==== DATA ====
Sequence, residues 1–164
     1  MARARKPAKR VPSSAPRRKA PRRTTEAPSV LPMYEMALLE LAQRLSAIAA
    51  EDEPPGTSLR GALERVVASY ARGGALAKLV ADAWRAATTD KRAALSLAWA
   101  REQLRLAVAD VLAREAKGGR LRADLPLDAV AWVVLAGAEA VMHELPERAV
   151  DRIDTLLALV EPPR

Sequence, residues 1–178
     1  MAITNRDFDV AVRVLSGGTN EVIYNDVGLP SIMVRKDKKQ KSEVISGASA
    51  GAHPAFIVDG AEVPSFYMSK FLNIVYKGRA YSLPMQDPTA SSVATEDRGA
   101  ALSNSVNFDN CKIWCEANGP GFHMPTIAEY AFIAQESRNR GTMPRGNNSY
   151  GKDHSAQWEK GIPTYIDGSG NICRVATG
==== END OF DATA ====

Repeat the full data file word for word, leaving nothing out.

Sequence, residues 1–164
     1  MARARKPAKR VPSSAPRRKA PRRTTEAPSV LPMYEMALLE LAQRLSAIAA
    51  EDEPPGTSLR GALERVVASY ARGGALAKLV ADAWRAATTD KRAALSLAWA
   101  REQLRLAVAD VLAREAKGGR LRADLPLDAV AWVVLAGAEA VMHELPERAV
   151  DRIDTLLALV EPPR

Sequence, residues 1–178
     1  MAITNRDFDV AVRVLSGGTN EVIYNDVGLP SIMVRKDKKQ KSEVISGASA
    51  GAHPAFIVDG AEVPSFYMSK FLNIVYKGRA YSLPMQDPTA SSVATEDRGA
   101  ALSNSVNFDN CKIWCEANGP GFHMPTIAEY AFIAQESRNR GTMPRGNNSY
   151  GKDHSAQWEK GIPTYIDGSG NICRVATG